If you’ve seen his cover drive, you’ve lived. But a panoply of other strokes would serve equally well to transport you to a cricketer’s paradise – for Kumar Sangakkara was the classic stylist who put a dash of elan into virtually every stroke he played.
From being described as one of the most polished and prudent batsmen to demigod status as not only one of the world’s most influential cricketers but also ‘one of the greatest batsmen of all time’ is not a hard slog to an all-rounder of Sanga’s calibre.
A left-handed top order batsman, he’s also a record-breaking wicketkeeper. Sangakkara retired from the game as the second highest run scorer in ODIs and sixth highest in Test cricket.
In a spectacular 15 year career, the prolific batsman amassed 28,016 runs in international cricket to his credit and dominated the top slot in the ICC’s Test batting rankings for almost a decade.
Far from being a cavalier soloist, Sangakkara is a considerate partner. He co-starred in many formidable partnerships with longtime teammate and close friend Mahela Jayawardene. The duo holds numerous batting records in all formats of the game.
A team player for all the splendour given his leadership, Sangakkara was a key member of the teams that won the 2014 ICC World Twenty20, and starred in the finals of the 2007 and 2011 ICC Cricket World Cups, as well as the 2009 and 2012 ICC World Twenty20s. Sangakkara was Man of the Match in the final of the 2014 ICC World Twenty20 – he was after all, instrumental in Sri Lanka winning its first T20 title.
Kumar, Sangakkara made an impact from his early days, having featured in his alma mater Trinity’s under 13, 15, 17, 19 and first XI squads. And he was awarded the Trinity ‘Lion’ – the Kandy school’s most prestigious prize awarded to a sportsman – for his exceptional batting and wicketkeeping in 1996.
Sangakkara was selected for the Sri Lanka A team’s tour to South Africa in 1998/99 where his unbeaten 156 against Zimbabwe A in a One-Day match won him a place in the national side a year later.
Sanga has gone from early strengths to iconic status: he is the fastest to reach 8,000, 9,000, 11,000 and 12,000 runs in Test cricket, and joint fastest to 10,000. He was the ICC’s Cricketer of the Year and its Test Cricketer of the Year in 2012, and ODI Cricketer of the Year in 2011 and 2013.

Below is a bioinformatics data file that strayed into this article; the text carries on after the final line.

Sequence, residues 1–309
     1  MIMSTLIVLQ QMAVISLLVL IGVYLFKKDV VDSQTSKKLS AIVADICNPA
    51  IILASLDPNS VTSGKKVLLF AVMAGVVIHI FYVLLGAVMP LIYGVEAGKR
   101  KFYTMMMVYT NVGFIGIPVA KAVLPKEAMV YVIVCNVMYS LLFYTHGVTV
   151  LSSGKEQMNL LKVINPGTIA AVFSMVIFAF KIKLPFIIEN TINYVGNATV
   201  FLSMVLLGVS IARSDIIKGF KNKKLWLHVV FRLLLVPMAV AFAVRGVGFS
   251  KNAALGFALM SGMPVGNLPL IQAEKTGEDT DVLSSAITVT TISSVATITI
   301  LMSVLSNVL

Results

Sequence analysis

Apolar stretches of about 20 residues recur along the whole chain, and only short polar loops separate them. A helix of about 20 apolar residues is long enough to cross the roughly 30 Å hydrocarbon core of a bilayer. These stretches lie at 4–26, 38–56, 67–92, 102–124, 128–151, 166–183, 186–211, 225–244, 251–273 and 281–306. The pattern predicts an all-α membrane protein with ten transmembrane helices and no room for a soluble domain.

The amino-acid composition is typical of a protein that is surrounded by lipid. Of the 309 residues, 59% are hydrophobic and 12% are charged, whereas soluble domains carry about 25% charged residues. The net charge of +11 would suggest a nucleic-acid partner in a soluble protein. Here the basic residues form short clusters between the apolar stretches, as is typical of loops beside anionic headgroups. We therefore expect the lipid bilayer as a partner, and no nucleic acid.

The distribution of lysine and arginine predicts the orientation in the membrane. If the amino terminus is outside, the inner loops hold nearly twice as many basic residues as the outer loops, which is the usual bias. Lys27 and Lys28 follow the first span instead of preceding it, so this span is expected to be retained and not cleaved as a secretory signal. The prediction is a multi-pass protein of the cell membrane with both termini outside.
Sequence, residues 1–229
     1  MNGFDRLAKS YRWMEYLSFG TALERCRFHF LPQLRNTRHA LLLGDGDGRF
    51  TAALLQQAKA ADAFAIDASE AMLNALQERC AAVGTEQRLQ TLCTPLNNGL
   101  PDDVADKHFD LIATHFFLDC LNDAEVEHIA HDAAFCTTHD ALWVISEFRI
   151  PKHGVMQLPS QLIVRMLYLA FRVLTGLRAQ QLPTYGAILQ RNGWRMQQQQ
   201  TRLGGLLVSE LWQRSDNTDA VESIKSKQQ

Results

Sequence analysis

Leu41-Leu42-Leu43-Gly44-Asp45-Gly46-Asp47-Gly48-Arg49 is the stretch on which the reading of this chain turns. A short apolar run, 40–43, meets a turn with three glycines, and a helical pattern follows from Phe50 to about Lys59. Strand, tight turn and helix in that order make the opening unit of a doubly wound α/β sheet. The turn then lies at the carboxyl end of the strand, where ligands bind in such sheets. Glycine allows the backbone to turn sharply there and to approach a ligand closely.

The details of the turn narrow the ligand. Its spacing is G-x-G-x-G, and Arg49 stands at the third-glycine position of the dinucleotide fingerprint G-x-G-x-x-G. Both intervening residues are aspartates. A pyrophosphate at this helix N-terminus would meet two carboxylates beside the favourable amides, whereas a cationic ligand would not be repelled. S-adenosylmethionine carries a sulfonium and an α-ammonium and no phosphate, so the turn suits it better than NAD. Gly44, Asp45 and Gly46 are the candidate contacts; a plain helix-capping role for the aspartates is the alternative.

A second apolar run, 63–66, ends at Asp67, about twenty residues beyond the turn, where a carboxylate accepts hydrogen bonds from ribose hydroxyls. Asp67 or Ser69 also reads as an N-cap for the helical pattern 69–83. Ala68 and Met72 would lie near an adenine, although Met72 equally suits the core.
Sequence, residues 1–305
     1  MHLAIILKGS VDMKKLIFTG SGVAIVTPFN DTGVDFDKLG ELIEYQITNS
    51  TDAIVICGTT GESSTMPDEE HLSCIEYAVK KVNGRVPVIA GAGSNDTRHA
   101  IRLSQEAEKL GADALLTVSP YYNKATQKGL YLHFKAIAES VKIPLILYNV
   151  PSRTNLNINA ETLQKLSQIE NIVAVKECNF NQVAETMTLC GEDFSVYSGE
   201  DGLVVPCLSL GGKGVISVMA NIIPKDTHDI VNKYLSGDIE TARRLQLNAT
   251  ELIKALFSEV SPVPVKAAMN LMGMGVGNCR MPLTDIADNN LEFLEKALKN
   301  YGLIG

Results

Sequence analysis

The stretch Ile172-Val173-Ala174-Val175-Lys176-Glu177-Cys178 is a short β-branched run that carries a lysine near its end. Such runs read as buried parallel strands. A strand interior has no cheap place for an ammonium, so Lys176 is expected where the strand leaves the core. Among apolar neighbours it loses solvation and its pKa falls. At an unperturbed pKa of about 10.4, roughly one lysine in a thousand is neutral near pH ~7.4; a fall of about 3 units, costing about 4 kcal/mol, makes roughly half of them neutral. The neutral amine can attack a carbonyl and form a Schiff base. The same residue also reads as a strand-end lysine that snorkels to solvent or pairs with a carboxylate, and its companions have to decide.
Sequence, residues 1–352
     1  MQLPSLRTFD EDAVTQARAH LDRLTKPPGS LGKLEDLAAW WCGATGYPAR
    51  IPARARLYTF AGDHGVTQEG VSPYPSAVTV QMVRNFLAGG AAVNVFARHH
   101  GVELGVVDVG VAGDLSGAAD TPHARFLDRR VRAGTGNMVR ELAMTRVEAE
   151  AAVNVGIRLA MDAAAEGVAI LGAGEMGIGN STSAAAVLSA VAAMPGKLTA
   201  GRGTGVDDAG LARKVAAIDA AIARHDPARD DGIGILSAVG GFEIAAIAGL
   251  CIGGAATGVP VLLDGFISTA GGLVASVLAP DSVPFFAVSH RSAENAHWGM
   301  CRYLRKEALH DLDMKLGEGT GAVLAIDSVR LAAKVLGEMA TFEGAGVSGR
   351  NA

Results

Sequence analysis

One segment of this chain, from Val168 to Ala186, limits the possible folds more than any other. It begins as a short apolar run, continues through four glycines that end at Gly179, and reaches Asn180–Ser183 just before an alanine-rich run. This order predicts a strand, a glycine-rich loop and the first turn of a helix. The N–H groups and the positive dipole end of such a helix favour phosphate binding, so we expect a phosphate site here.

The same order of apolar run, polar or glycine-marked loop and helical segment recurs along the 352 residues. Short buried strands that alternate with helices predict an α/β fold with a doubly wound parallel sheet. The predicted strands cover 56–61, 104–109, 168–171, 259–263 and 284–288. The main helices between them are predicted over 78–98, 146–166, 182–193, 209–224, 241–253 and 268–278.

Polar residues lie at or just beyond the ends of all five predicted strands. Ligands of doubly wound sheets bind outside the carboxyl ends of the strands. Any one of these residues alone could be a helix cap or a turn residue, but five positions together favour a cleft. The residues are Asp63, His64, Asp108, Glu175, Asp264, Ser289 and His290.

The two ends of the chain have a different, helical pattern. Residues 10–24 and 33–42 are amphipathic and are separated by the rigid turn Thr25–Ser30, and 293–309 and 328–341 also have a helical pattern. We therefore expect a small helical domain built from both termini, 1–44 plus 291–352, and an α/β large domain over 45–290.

He has also won the LG People’s Choice Award twice (2011 and 2012) and LMD’s Sri Lankan Of The Year award in 2011, and was Wisden’s Leading Cricketer in the World in its 2015 edition. And to cap it all, Sangakkara was voted the Greatest ODI Player of all time in a public poll conducted by Cricket Australia in 2016.
The plethora of awards reflects the suave gentleman’s many achievements. Since space constrains their mention in full, suffice it to select the following as being representative: a record-breaking 624 run partnership with Jayawardene in Test cricket; Sri Lanka’s highest ODI run scorer, the record for ODI wicketkeeping dismissals; and the first batsman to score more than 150 in four consecutive Tests – and there are a legion more…
And to cap it all, his count of double centuries in Test cricket (11) is second only to the legendary Don Brandman (12).
Upon his retirement, Sri Lanka Rupavahini Corporation recognised Kumar Sangakkara as the Player of the Century, citing many of his past achievements. Despite state TV’s usual hyperbole, Sangakkara – who has steadfastly refused his public’s entreaties to essay an innings in politics – may have felt it wasn’t unwarranted.
Full of esprit de corps on the field, the dashing batsman and former Sri Lankan skipper was the youngest person – and first active international cricketer – to deliver the MCC Spirit of Cricket Cowdrey Lecture. Perhaps more than any derring-do, his speech was widely praised by the cricketing community for its gutsy outspokenness. It placed Sangakkara in a pantheon of immortals who have played the gentlemen’s game.